Pseudo Algorithm:

  1. create a java function object which can load your resources from the classpath, internet, local filesystem, with a method signature you know. (a function/SAM object) like: void apply (String)
  2. create a script context and attach the object from 1. to it with a variable called ‘whatever’ (really whatever name you like)
  3. evaluate an inline require function before you evaluate your business code, which puts your require function into the scope of the context from 2.
  4. evaluate your business codes which relies on the require function with the same scope from 2.
  5. have fun
  6. var require = function (library) { whatever.apply (library); }

    The above code would be sufficient, but has some drawbacks as it only works if the ‘whatever’ object is in the correct execution scope and if it provides the correct signature – someone could overwrite the binding or does something you simply don’t want him/her to do. We need some slight improvements to correct this.

    var require = function (library) { this.apply (library); }.bind (whatever); delete whatever;

    “The bind() method creates a new function that, when called, has its this keyword set to the provided value, with a given sequence of arguments preceding any provided when the new function is called.” [7]

    If the bind function is not available by your Rhino environment, you may want to look at the implementation from Prototype [8] et al. and add it manually with the same procedure.
    We delete the ‘whatever’ object from the script context afterwards.
    You need the following Java code as glue:

    // internal context for variables
    final Bindings bindings = scripting.newBindings ();
                   bindings.put (Importer, new Function<String, Void> () {
        // load a library 'argument' from the 'lib' directory
        public Void apply (String argument) {
            // trusting returns either a valid stream object or throws an 'untrusted code' exception
            String resource;
                                          resource = String.format ("/lib/%s.js", argument);
            scripting.evaluate (trusting (resource), context);
            return null;
    context.setBindings (bindings, ScriptContext.ENGINE_SCOPE);
    // add require function to the scope before the application script is loaded
    scripting.evaluate (requirejs (Importer), context);
    // execute the script ultimately
    scripting.evaluate (applicationjs (), context);

    That’s it!


    In the last example I want to explain how to integrate a script engine, which is not shipped by default – JRuby [9]. The idea behind is to embed code of ruby gems into your application, especially PDFKit [10] for this example. PDFKit describes itself with

    “Create PDFs using plain old HTML+CSS. Uses wkhtmltopdf on the back-end which renders HTML using Webkit.”

    Mostly you don’t want to handle HTML content directly, as your data is often stored in form of a ‘model’. Our solution should therefore target the transformation from: Model -> HTML -> PDF, which can be achieved using e.g. the nice Jade [11] language for the rendering process, especially Jade4j [12].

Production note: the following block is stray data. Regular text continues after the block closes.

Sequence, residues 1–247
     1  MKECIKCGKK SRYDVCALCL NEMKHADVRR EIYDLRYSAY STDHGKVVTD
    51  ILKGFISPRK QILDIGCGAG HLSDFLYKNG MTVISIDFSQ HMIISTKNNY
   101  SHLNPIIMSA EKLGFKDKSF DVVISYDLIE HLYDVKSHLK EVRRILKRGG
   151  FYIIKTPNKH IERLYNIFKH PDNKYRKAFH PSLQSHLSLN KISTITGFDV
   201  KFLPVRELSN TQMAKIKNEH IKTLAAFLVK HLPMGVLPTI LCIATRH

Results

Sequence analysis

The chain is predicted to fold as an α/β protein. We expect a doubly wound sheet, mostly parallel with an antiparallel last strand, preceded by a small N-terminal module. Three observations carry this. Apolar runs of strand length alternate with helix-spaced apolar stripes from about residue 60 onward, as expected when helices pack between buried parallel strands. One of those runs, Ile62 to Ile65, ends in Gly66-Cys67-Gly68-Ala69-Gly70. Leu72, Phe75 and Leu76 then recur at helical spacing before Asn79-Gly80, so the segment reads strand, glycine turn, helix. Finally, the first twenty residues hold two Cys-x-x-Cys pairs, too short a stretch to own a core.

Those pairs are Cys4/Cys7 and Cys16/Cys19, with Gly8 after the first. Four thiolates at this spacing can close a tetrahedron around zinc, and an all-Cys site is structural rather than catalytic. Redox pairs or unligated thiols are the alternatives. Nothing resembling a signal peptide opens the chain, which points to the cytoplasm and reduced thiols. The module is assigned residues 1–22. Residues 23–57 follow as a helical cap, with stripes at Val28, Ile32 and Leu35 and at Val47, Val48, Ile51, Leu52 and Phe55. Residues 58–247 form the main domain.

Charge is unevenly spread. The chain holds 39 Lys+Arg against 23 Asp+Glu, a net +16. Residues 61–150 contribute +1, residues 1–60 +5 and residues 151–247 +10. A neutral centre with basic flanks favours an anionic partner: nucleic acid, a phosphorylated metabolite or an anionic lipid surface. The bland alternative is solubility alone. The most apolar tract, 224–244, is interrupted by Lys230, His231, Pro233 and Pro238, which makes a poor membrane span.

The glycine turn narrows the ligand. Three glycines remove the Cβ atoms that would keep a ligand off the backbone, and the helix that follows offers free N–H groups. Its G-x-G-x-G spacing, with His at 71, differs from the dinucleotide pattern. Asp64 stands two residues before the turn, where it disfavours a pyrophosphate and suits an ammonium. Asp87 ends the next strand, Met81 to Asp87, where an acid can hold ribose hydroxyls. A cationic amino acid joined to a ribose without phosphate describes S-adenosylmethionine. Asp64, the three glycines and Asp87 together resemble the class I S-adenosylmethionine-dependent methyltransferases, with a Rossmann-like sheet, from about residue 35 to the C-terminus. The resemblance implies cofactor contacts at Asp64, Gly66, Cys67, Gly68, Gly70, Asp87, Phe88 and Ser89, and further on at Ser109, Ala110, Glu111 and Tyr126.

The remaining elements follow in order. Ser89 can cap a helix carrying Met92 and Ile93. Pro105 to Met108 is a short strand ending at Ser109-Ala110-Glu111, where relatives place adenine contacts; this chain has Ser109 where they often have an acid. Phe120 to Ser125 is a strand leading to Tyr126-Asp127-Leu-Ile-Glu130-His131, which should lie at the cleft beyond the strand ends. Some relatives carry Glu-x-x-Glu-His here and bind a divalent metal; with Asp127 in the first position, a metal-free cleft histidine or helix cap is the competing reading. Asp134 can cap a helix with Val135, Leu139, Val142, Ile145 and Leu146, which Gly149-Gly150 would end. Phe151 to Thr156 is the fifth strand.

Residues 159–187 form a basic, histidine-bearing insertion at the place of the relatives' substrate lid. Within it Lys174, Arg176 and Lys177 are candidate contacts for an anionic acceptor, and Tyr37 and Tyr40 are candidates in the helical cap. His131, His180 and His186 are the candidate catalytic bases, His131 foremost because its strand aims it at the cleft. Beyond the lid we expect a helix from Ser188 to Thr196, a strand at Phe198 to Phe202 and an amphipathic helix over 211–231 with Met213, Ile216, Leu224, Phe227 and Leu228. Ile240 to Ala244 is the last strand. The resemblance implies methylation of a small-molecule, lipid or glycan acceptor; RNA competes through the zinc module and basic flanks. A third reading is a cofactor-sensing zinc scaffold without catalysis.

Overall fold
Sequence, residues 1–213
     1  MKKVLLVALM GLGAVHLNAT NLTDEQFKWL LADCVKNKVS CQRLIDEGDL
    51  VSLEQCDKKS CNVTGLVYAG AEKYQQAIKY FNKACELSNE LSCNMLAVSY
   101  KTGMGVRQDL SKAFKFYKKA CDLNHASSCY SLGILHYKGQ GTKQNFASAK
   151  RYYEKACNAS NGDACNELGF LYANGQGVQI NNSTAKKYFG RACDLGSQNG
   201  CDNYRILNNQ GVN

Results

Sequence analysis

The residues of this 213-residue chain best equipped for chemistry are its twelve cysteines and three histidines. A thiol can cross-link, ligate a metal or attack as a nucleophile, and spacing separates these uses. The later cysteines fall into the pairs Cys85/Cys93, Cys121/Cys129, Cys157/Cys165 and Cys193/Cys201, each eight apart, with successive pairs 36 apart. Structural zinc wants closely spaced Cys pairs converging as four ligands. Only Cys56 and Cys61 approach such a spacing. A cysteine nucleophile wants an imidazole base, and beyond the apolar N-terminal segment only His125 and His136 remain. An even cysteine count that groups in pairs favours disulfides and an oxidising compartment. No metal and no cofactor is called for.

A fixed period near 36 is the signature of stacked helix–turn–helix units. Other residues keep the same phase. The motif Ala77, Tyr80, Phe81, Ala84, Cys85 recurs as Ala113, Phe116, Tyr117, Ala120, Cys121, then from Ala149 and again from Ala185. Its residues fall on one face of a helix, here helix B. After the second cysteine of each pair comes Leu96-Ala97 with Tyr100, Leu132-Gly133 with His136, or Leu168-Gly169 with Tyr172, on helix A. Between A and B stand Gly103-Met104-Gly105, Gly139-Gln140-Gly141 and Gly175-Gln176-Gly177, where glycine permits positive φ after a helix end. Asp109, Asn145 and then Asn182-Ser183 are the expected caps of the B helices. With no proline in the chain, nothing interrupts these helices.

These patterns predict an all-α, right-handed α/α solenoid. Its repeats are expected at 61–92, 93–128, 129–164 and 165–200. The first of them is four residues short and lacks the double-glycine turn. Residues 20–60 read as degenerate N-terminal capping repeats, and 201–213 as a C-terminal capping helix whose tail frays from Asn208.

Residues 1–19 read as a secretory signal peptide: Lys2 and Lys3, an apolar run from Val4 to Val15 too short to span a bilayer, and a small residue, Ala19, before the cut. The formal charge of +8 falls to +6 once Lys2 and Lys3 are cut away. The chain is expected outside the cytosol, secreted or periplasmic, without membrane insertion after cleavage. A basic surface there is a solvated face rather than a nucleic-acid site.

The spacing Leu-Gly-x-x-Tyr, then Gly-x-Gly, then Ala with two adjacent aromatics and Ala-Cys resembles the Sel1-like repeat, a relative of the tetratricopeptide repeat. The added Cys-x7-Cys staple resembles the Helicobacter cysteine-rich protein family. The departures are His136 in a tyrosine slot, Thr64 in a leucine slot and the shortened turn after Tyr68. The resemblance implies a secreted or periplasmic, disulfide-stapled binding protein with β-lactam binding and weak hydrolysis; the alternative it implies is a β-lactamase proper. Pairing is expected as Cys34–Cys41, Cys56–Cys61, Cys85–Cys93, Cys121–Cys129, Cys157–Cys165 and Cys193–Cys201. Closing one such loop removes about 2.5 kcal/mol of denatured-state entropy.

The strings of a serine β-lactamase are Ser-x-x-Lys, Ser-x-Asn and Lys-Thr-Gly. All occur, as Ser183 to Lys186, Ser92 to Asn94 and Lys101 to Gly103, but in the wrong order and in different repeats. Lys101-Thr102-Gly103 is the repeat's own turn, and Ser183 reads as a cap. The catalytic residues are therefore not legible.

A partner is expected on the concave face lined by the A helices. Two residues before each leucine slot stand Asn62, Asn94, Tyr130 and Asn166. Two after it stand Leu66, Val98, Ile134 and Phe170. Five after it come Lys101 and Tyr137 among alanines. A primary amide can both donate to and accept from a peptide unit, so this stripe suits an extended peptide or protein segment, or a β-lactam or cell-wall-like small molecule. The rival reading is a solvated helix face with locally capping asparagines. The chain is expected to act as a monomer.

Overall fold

Instead of writing the integration code for wkhtmltopdf, we will base on the work of PDFKit and write some JRuby glue.
    If you need some information about ‘gem bundling’ I would recommend the articles/examples from Sieger [13] and Harada [14] as a starting point.
    You will find a local file-based repository in the project, as I wanted Maven [15] to handle all the dependencies, but any other repository might work fine. It simply depends on your infrastructure and what suits you best.
    Pseudo Algorithm:

    1. put jruby-complete on your classpath, as the library ships the jsr223 implementation
    2. put the converted pdfkit bundle on your classpath
    3. put any other needed library on your classpath [jade4j, guava, …]
    4. write some jruby code to instantiate a configured pdfkit object
    5. proxy the returned jruby object from 4. with a java interface
    6. convert a jade (or differently) generated html stream to pdf using the proxy from 5.

    I’ll show you the glue for the proxy only. Please download the project under [3] if you want to see the remaining parts.

    public interface Pdfy {
        public boolean convert (InputStream streamin, OutputStream streamout);
        public boolean convert (InputStream streamin, OutputStream streamout, Map<String, String> options);
    class Pdfy
      def initialize(stylesheet)
        @stylesheet = stylesheet
      def convert(streamin, streamout, options = {})
                           html =
          kit =, options)
          if                   @stylesheet
            kit.stylesheets << @stylesheet
          out = streamout.to_io
          out.binmode << kit.to_pdf
          return false

    Maven will produce an assembly as zip file, which can be extracted elsewhere with a shell script for windows and *nix based systems.
    You need to provide the full qualified path for wkhtmltopdf as first argument and the full qualified path of the output file with file extension as second argument.
    I did not implement any special CLI handling for this prototype.
    You need to install wkhtmltopdf [16] as a consequence. I installed wkhtmltopdf 0.11.0 rc2 on windows 7 x64 and wkhtmltopdf 0.9.9 on ubuntu 13.10 x64 (virtualization).
    Even if writing some boilerplate is not that interesting, writing less boilerplate is! So instead of writing your own wheel, you might want to spend your energy on making another wheel feel more rounded.
    Whether a script engine can be used in your production environment depends on your configuration, of course, but writing some glue to reuse another solutions might be worth thinking about it.
    The effort could be less in comparison to a full rewrite. Stick to a separation of interfaces and implementations and let the environment decide.
    The devs. from Rhino/Nashorn/JRuby did quite a good job! As well as the devs. from the mentioned libraries. You should compile the project with Java 1.6(!), 1.7 and 1.8 and look at the results.

    [ 1]
    [ 2]
    [ 3]
    [ 4]
    [ 5]
    [ 6]
    [ 7]
    [ 8]
    [ 9]